36. * * * all but one of the comparables presented by the Assessor were sales of property zoned commercial. [Emphasis added.]

Following the protest hearing, the Board entered an order denying Taxpayer’s protest of the valuation of the land. The Board upheld the Assessor’s valuation of the land “for the tax year 1983, [at] $567,-448, which is $4.00 per square foot, or $173,356.26 per acre,” and concluded that “the evidence presented did not show that [Assessor’s] value [was] incorrect * * *.”


Was the proper method utilized by the Assessor to determine the 1983 market value of Taxpayer’s land? The answer to this question involves both compliance with the directives of NMSA 1978, Section 7-36-21.1 (Repl.Pamp.1983) (special method of valuation for residential property) and application of standard appraisal techniques. Section 7-36-21.1 requires that the tax valuation of “residential property” during 1983 be based upon its 1975 market value “as determined by sales of comparable property.”

Taxpayer argues that “comparable property”, within the context of the special statute for valuation of residential property (Section 7-36-21.1), means comparable “residential” property. In opposition, Assessor argues that the Coronado Center area, where the Taxpayer’s property is situated, is unique because it encompasses some of the most valuable realty in Albuquerque. Assessor argues that in determining the value of Taxpayer’s land for 1983 property assessment purposes, he is not bound to compare the property only with other similar “residential” properties, but instead may utilize comparable sales of similar properties in the Coronado Center area, irrespective of whether the properties relied upon as “comparables” are in fact commercial or residential.

The general rule is that evidence of comparable sales is admissible in support of the opinion of an expert about the market value of a parcel of real estate. State ex rel. Department of Highways v. Aker, 507 P.2d 1227 (Okla.1973); State v. Dillingham Corp., 60 Hawaii 393, 591 P.2d 1049 (1979); Montana State Highway Commission v. Jacobs, 150 Mont. 322, 435 P.2d 274 (1967). See also NMSA 1978, Evid.R. 702, 703 (Repl.Pamp.1983). Evidence of comparable sales is generally admissible to aid the trier of fact in determining the value of property where the sales are bona fide and voluntary, are sufficiently near in time, location, and size, and are sufficiently alike in character, situation, usability and improvements. Peterson Properties, Del Rio Plaza Shopping Center v. Valencia County Valuation Protests Board, 89 N.M. 239, 549 P.2d 1074 (Ct.App.1976). See also Maricopa County v. Sperry Rand Corp., 112 Ariz. 579, 544 P.2d 1094 (1976).

In establishing the value of property, evidence of the value of comparable property must meet the test of relevancy. Whether the requisite degree of similarity exists for the purpose of admitting evidence of alleged comparable sales is largely within the discretion of the trial court. Transwestern Pipe Line Co. v. Yandell, 69 N.M. 448, 367 P.2d 938 (1961). However, evidence of other sales is relevant only where the properties are substantially similar in condition. Annett v. Post, 45 Or. *69App. 121, 607 P.2d 785 (1980); Lippert v. Angle, 211 Kan. 695, 508 P.2d 920 (1973).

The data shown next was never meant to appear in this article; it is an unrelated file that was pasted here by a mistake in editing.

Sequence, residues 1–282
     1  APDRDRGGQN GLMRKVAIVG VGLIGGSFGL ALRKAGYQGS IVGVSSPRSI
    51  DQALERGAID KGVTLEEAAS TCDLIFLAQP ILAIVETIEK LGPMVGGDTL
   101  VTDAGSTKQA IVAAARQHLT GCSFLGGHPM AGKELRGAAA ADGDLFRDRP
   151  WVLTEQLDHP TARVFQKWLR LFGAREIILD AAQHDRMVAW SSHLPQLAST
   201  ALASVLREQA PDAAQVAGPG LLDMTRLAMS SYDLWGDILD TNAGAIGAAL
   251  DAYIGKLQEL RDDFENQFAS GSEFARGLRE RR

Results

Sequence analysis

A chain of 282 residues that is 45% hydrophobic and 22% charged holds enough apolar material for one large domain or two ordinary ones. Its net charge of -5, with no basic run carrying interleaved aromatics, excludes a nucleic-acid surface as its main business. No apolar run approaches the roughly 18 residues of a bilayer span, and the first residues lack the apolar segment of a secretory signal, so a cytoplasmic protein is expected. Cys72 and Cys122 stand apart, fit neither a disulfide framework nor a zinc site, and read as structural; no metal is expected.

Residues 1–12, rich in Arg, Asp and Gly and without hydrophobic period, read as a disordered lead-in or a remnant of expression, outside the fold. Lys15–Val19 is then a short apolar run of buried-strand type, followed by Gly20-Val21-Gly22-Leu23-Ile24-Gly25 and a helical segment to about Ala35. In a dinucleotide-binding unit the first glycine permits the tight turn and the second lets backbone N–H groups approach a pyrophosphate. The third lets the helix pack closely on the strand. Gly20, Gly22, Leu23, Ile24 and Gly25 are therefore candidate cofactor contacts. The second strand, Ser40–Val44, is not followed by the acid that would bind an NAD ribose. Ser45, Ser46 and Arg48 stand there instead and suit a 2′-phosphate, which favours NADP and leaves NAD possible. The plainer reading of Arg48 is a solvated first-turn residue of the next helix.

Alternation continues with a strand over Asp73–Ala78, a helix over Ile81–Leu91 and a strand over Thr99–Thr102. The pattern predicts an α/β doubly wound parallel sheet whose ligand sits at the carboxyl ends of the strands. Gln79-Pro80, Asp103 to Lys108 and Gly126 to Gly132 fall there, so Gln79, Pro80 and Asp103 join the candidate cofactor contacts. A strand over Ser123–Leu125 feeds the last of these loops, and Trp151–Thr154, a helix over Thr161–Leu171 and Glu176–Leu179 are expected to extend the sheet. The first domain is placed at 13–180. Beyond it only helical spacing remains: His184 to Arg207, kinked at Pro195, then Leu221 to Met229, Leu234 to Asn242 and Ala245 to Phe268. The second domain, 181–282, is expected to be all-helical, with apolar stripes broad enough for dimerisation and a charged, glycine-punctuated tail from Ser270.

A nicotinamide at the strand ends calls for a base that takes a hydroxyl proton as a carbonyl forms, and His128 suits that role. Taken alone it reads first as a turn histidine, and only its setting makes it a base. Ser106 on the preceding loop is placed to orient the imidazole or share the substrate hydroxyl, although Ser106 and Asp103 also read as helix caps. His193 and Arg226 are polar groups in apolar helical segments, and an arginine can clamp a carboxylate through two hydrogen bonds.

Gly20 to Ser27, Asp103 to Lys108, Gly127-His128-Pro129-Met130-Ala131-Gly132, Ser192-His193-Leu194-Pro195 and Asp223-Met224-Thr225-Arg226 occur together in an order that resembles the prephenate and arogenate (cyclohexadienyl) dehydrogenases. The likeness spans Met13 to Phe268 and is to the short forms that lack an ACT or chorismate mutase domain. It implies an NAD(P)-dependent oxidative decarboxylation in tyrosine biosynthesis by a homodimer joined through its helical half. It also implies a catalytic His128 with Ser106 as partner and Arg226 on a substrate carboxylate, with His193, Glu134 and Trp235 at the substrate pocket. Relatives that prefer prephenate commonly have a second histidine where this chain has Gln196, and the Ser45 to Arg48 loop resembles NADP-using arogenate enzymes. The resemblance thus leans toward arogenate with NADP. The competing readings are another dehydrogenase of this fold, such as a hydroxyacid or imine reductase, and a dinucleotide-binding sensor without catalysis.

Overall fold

In 1981 the legislature enacted a special statute (Section 7-36-21.1) in order to standardize certain county property reassessment practices. Section 7-36-21.1 provides in applicable part:

A. All residential property subject to valuation for property taxation purposes by the county assessor shall be valued in accordance with the provisions of this section.
B. For the 1982 through the 1985 tax years, the value for property taxation purposes of residential property that was valued for property taxation purposes in the 1975 tax year shall be its market value in 1975 as determined by sales of comparable property and:
(1) increased by the full value of any physical improvements made to the property during the period from January 1, 1975 to January 1 of the year in which the value for property taxation purposes is being determined;
(2) increased by any increment of value resulting to the property from any rezoning or similar action of a governmental body that has resulted in a change of permitted use of the property since January 1, 1975 * * *. [Emphasis added.]

Two of the three parcels of land utilized as "comparables” by the Assessor consisted of tracts of land zoned commercial and developed for office use. Ramona Nuzzo, a staff appraiser employed by Assessor, testified that the three comparable sales of property she relied upon in arriving at her opinion of the market value of Taxpayer’s property, involved tracts which were zoned at the time of the sale as R-3 (permitting houses, townhouses and apartments), C-2 (community commercial zone), and C-3 (heavy commercial zone). Assessor contends that the market value of Taxpayer’s property should be determined according to the highest and best use of the property permitted under the zoning laws. Assessor argues that since the land in question could be used either for residential or commercial purposes, an appraiser should look to the highest and best permitted use of the property in determining market value for tax valuation. Generally, market value is determined by the most valuable and best use to which property could reasonably, practically and lawfully be used. Masheter v. Ohio Holding Co., 38 Ohio App.2d 49, 313 N.E.2d 413 (1973), cert. denied, 419 U.S. 835, 95 S.Ct. 61, 42 L.Ed.2d 61 (1974); see also Encyclopedia of Real Estate Appraising 22 (E. Friedman ed. 1976).